Covid: Women fined for going for a walk receive police apology

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Foremark ReservoirImage source, Stuart Woodman
Image caption,
Jessica Allen and Eliza Moore said their cars were surrounded by police when they arrived at the reservoir

Two women who were fined £200 each when they drove five miles for a walk have had the penalties withdrawn.

Jessica Allen and Eliza Moore were walking at Foremark Reservoir, Derbyshire, when they were "surrounded" by officers.

At the time Derbyshire Police insisted driving to exercise was "not in the spirit" of the most recent lockdown.

But new national guidance for police has led the force to quash the fines, and apologise to the women.


Chief Constable Rachel Swann said the fines "have been withdrawn and we have notified the women directly, apologising for any concern caused".

The two friends travelled the short distance to the reservoir from their homes in Ashby-de-la-Zouch, Leicestershire, on Wednesday afternoon.

They said their cars were "surrounded" by police. They were then questioned on why they were there and told the hot drinks they had brought along were not allowed as they were "classed as a picnic".

In a statement, the women said: "This afternoon we both received a phone call from Derbyshire Police.

"After reviewing our case, our fines have been rescinded and we have received an apology on behalf of the constabulary for the treatment we received.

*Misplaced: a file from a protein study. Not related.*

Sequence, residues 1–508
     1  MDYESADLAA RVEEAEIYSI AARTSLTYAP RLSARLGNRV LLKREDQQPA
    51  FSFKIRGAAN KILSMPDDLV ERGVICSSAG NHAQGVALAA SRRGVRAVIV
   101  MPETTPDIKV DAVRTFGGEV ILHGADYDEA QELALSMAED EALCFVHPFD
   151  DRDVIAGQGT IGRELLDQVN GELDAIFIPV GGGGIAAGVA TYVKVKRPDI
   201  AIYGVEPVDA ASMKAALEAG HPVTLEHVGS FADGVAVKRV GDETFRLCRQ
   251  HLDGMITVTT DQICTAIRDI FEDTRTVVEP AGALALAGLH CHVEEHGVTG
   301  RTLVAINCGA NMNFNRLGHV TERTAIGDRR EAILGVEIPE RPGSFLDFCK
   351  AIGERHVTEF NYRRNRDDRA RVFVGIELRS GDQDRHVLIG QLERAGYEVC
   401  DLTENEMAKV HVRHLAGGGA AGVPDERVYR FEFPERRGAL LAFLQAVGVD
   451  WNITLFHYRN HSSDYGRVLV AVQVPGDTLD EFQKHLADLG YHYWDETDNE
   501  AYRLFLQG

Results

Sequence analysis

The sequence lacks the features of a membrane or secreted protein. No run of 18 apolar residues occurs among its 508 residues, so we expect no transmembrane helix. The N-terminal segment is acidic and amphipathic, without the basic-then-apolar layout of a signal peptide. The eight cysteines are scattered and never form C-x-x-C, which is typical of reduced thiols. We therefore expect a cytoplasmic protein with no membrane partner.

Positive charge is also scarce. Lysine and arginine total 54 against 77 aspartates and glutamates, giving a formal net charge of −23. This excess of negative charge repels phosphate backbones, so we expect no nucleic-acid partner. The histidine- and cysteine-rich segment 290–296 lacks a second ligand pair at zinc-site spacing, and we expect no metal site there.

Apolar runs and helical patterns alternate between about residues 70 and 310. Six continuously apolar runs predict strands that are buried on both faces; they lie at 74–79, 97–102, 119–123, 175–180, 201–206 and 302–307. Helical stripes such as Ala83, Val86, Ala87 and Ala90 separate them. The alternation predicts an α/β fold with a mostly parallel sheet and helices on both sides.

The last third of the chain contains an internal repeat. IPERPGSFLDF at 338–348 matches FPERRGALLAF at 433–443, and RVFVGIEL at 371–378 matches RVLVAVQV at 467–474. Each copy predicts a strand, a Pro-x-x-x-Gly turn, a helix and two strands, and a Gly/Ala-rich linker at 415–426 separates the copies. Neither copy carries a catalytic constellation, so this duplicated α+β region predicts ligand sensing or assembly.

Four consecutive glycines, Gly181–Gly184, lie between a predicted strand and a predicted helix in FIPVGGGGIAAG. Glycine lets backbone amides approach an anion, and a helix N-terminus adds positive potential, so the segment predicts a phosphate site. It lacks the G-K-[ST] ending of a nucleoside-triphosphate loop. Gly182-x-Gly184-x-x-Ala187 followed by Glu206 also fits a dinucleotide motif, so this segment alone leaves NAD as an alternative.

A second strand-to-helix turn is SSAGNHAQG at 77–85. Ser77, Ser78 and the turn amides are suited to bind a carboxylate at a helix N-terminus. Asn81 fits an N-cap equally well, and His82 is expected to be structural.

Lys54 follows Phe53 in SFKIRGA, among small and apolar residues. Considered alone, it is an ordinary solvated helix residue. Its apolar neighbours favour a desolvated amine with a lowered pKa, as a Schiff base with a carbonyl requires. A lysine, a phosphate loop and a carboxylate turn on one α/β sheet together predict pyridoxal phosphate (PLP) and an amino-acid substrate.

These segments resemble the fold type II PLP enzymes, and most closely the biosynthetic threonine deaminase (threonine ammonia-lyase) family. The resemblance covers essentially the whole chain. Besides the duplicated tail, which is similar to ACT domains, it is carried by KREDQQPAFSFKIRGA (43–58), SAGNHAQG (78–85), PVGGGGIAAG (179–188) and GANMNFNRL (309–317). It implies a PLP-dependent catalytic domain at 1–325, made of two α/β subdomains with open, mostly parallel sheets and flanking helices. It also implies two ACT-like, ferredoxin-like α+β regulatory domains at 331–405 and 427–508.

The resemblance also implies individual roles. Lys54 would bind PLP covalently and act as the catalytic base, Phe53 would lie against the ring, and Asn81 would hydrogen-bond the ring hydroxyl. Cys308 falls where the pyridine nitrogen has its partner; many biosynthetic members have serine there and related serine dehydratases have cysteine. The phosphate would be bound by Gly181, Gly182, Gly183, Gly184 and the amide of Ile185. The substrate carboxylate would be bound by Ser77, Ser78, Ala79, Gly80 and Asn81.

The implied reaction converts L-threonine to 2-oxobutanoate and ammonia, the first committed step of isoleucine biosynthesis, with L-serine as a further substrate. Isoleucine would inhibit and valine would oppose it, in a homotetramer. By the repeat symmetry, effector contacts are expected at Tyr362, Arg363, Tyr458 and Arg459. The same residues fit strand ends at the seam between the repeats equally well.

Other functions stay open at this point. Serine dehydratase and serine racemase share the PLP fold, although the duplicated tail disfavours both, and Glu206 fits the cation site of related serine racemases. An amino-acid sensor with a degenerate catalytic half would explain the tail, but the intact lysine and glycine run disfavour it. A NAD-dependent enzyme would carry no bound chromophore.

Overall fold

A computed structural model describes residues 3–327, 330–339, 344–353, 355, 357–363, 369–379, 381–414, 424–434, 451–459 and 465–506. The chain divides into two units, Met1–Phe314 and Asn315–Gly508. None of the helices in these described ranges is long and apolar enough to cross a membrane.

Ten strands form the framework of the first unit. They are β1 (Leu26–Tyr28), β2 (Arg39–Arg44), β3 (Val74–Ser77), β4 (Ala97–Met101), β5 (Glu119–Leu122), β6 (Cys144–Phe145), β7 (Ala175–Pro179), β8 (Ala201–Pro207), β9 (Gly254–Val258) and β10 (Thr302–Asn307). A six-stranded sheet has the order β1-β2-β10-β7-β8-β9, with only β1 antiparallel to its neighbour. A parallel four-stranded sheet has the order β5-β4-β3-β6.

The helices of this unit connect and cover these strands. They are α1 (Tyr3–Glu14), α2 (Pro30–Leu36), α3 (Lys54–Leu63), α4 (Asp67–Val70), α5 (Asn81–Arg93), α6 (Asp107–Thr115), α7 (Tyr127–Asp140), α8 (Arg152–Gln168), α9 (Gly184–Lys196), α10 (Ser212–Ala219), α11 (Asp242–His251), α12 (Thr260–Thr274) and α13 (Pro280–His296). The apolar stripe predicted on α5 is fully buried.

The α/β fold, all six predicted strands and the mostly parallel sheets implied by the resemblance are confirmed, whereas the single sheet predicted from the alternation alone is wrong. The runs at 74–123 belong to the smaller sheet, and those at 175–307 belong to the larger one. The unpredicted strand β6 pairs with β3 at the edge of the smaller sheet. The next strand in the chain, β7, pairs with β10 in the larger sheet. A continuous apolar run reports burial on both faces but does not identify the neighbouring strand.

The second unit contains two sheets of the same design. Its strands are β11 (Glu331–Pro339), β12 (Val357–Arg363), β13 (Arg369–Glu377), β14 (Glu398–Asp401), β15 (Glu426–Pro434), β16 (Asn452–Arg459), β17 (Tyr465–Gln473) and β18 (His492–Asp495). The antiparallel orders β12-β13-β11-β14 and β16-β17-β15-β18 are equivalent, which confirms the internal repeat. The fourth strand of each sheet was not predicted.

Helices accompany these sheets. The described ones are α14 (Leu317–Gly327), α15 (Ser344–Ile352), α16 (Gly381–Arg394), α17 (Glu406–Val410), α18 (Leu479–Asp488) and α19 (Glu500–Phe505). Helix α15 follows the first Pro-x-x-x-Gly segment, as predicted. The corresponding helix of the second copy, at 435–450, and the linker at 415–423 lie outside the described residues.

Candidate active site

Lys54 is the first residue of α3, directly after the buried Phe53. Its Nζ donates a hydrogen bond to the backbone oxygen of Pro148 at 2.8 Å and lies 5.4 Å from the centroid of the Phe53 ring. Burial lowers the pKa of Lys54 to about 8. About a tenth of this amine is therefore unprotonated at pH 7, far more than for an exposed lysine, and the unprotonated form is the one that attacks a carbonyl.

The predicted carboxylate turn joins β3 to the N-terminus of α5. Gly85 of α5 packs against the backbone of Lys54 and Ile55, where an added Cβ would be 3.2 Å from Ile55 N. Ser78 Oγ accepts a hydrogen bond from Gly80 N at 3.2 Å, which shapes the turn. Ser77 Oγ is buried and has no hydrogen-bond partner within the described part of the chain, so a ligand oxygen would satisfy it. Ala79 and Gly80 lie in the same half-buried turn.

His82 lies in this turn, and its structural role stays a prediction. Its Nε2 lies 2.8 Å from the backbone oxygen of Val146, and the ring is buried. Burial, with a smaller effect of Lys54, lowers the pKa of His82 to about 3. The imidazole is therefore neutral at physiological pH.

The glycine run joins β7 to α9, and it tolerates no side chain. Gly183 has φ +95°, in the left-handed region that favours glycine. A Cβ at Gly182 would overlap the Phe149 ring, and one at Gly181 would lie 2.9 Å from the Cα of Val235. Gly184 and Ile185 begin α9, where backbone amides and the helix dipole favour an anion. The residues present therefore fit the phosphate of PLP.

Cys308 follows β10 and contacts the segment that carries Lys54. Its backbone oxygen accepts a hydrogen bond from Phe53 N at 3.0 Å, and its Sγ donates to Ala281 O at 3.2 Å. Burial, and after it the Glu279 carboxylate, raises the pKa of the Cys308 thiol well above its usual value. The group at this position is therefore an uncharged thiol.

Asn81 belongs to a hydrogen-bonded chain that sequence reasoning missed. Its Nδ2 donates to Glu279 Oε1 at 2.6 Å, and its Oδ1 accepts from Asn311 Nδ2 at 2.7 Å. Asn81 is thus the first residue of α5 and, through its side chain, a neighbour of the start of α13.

"We welcomed this apology and we are pleased to draw a line under this event."

After the incident gained media attention, the National Police Chiefs' Council (NPCC) "clarified the policing response concerning travel and exercise".

The guidance said: "The Covid regulations which officers enforce and which enables them to issue FPNs [fixed penalty notices] for breaches, do not restrict the distance travelled for exercise."

Media caption,
Covid: Fined women 'could have been dealt with differently'

Derbyshire Police said: "Having received clarification of the guidance issued by the National Police Chiefs' Council (NPCC) on Friday, these FPNs as well as a small number of others issued, were reviewed in line with that latest advice, and so it is right that we have taken this action."

The county's police and crime commissioner Hardyal Dhinsda said: "While the police are doing their absolute best to protect public safety during what is a critical time of the pandemic, the public should rightly expect a proportionate and balanced approach, taking full consideration of individual circumstances.

"We recognise that errors will occur in the face of complex guidance and legislation and it is important such situations are resolved quickly and fairly, as has been the case here."

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